REDUCTION OF BACTERIAL TRANSLOCATION AND INTESTINAL STRUCTURAL ALTERATIONS BY HEPARIN IN A MURINE BURN INJURY MODEL

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Abstract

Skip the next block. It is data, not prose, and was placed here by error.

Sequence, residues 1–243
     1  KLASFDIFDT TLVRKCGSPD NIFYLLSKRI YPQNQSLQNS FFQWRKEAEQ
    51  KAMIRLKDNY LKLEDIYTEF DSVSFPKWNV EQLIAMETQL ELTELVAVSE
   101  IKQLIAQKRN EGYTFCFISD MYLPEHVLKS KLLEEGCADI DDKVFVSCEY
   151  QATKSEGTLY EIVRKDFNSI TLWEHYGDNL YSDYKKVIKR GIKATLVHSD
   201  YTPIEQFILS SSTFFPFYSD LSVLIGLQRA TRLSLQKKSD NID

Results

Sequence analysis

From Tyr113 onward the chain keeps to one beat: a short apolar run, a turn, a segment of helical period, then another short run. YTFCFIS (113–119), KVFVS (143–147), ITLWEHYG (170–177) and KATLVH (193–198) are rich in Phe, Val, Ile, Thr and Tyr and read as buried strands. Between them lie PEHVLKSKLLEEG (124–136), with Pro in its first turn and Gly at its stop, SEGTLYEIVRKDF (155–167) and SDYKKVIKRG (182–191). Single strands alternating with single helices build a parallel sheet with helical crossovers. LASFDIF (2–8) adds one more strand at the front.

Burn injury produces acute gastrointestinal (Gl) derangements that may predispose the burn victim to bacterial translocation (BT). We studied the effects of heparin on gastrointestinal (Gl) anatomic alterations and BT after 25% and 32% total body surface area (TBSA), full-thickness murine burn injuries. Heparin (100 U/kg) was administered with 1 mL of normal saline (NS) resuscitation solution immediately postburn and 4 hours and 18 hours postburn in volumes of 0.5 mL NS. Mice with 25% TBSA burns treated with heparin maintained small intestine weight, measured 24 hours postburn, and ileal mucosal height was preserved, whereas burned, untreated mice lost organ weight and mucosal height. Bacterial translocation was decreased in mice with 25% TBSA burn injuries treated with heparin (35.0% vs. 10.7%, p < 0.025). After 32% TBSA burn injuries, BT was also decreased in heparin-treated animals (64.3% vs. 31.6%; p < 0.025). Analysis of mixed venous blood gases showed that heparin did not affect the severe metabolic acidosis that follows burn injury in this animal model, indicating that general tissue perfusion was not improved. Heparin administered in the acute postburn period ameliorates Gl structural and functional damage in this murine burn model and decreases BT.

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